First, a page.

General Information About Bladder Cancer3
- Bladder cancer is a disease in which malignant (cancer) cells form in the tissues of the bladder.
- Smoking can affect the risk of bladder cancer.
- Signs and symptoms of bladder cancer include blood in the urine and pain during urination.
- Tests that examine the urine and bladder are used to help diagnose bladder cancer.
- Certain factors affect prognosis (chance of recovery) and treatment options.
Bladder cancer is a disease in which malignant (cancer) cells form in the tissues of the bladder.
The bladder is a hollow organ in the lower part of the abdomen. It is shaped like a small balloon and has a muscular wall that allows it to get larger or smaller to store urine made by the kidneys. There are two kidneys, one on each side of the backbone, above the waist. Tiny tubules in the kidneys filter and clean the blood. They take out waste products and make urine. The urine passes from each kidney through a long tube called a ureter into the bladder. The bladder holds the urine until it passes through the urethra and leaves the body.
There are three types of bladder cancer that begin in cells in the lining of the bladder. These cancers are named for the type of cells that become malignant (cancerous):
- Transitional cell carcinoma: Cancer that begins in cells in the innermost tissue layer of the bladder. These cells are able to stretch when the bladder is full and shrink when it is emptied. Most bladder cancers begin in the transitional cells. Transitional cell carcinoma can be low-grade or high-grade:
- Low-grade transitional cell carcinoma often recurs (comes back) after treatment, but rarely spreads into the muscle layer of the bladder or to other parts of the body.
- High-grade transitional cell carcinoma often recurs (comes back) after treatment and often spreads into the muscle layer of the bladder, to other parts of the body, and to lymph nodes. Almost all deaths from bladder cancer are due to high-grade disease.
- Squamous cell carcinoma: Cancer that begins in squamous cells (thin, flat cells lining the inside of the bladder). Cancer may form after long-term infection or irritation.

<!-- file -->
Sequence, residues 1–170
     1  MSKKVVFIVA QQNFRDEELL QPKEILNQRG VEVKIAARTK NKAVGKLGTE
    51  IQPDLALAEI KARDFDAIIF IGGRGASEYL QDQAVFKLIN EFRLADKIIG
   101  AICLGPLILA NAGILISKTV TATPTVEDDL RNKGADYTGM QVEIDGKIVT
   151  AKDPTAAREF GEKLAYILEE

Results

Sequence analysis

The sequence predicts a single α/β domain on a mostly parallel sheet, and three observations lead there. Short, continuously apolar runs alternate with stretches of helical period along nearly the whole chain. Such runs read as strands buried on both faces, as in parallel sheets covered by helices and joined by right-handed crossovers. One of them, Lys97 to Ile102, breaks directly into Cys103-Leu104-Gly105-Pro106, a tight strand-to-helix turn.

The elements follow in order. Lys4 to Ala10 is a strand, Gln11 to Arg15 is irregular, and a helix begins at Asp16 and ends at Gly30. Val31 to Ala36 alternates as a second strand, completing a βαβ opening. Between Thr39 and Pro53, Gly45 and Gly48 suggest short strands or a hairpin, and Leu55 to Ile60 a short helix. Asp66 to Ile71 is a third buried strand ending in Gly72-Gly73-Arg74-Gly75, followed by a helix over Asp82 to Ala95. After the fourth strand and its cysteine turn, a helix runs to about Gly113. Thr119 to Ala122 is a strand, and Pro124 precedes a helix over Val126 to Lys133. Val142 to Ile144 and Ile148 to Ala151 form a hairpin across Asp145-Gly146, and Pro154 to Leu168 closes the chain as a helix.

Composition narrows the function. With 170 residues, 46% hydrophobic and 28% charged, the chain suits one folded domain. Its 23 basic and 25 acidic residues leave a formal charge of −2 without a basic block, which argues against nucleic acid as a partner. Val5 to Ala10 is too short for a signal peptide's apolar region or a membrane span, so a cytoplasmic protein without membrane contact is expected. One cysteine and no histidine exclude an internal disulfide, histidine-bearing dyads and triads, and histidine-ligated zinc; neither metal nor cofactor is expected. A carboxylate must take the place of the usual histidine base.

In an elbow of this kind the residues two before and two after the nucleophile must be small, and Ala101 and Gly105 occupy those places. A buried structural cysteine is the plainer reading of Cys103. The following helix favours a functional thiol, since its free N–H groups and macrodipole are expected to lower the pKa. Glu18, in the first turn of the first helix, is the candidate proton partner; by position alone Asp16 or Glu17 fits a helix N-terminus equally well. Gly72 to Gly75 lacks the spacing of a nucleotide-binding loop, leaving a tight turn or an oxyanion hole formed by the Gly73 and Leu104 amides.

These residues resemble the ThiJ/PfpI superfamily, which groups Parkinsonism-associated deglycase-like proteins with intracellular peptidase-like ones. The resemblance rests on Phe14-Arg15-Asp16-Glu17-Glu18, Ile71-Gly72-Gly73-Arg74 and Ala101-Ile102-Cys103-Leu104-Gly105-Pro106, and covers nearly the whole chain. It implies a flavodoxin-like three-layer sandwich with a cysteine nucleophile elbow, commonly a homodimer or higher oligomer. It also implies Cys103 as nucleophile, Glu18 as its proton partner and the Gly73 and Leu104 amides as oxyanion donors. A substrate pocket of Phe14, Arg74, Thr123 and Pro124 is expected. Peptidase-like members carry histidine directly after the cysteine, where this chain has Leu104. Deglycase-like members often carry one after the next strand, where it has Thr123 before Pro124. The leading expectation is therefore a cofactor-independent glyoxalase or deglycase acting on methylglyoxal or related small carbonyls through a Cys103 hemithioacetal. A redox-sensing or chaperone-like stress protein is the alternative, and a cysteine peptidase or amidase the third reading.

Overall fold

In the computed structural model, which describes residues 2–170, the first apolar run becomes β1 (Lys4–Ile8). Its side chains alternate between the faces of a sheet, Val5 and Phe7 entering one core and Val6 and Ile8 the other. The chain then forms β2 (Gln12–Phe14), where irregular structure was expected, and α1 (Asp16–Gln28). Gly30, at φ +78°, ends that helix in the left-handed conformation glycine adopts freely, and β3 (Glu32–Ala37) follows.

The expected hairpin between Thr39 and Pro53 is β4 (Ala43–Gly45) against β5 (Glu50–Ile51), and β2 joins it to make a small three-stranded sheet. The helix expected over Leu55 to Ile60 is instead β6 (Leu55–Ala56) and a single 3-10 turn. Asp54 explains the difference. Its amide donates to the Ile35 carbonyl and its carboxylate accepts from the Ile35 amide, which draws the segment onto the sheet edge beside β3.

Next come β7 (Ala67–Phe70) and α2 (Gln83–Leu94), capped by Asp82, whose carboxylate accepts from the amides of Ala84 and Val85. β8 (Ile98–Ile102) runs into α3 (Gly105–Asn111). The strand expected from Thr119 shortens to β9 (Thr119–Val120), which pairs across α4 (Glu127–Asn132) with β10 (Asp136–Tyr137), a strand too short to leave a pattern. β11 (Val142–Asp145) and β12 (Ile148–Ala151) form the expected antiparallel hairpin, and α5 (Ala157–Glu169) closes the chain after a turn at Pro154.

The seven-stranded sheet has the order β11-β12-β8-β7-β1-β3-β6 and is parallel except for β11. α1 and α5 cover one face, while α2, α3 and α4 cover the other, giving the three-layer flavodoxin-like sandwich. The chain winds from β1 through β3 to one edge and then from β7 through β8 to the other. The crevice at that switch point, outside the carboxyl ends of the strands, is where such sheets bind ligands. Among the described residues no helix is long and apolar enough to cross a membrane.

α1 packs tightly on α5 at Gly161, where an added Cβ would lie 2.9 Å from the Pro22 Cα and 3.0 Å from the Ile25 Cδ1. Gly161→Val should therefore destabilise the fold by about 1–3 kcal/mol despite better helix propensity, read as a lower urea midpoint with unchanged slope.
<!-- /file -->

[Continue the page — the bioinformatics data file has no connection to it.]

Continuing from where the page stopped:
- Adenocarcinoma: Cancer that begins in glandular cells that are found in the lining of the bladder. Glandular cells in the bladder make substances such as mucus. This is a very rare type of bladder cancer.
Cancer that is in the lining of the bladder is called superficial bladder cancer. Cancer that has spread through the lining of the bladder and invades the muscle wall of the bladder or has spread to nearby organs and lymph nodes is called invasive bladder cancer.
Smoking can affect the risk of bladder cancer.
Anything that increases your chance of getting a disease is called a risk factor. Having a risk factor does not mean that you will get cancer; not having risk factors doesn’t mean that you will not get cancer. Talk to your doctor if you think you may be at risk for bladder cancer.
Risk factors for bladder cancer include the following:
- Using tobacco, especially smoking cigarettes.
- Having a family history of bladder cancer.
- Having certain changes in the genes that are linked to bladder cancer.
- Being exposed to paints, dyes, metals, or petroleum products in the workplace.
- Past treatment with radiation therapy to the pelvis or with certain anticancer drugs, such as cyclophosphamide or ifosfamide.
- Taking Aristolochia fangchi, a Chinese herb.
- Drinking water from a well that has high levels of arsenic.
- Drinking water that has been treated with chlorine.
- Having a history of bladder infections, including bladder infections caused by Schistosoma haematobium.
- Using urinary catheters for a long time.
Older age is a risk factor for most cancers. The chance of getting cancer increases as you get older.
Signs and symptoms of bladder cancer include blood in the urine and pain during urination.
- Blood in the urine (slightly rusty to bright red in color).
- Frequent urination.
- Pain during urination.
- Lower back pain.
New ways to prevent cancer are being studied in clinical trials.
Information about clinical trials supported by NCI can be found on NCI’s clinical trials search webpage. Clinical trials supported by other organizations can be found on the ClinicalTrials.gov website.
Jay Harold hopes you enjoyed this post, “Bladder Cancer: 5 Key Points” Click this link to get free Health and Wealth information to improve your life. Please share it and read more about Jay Harold here. Please take this advice from Muhammad Ali and give it back to others. “Service to others is the rent you pay for your room here on earth.”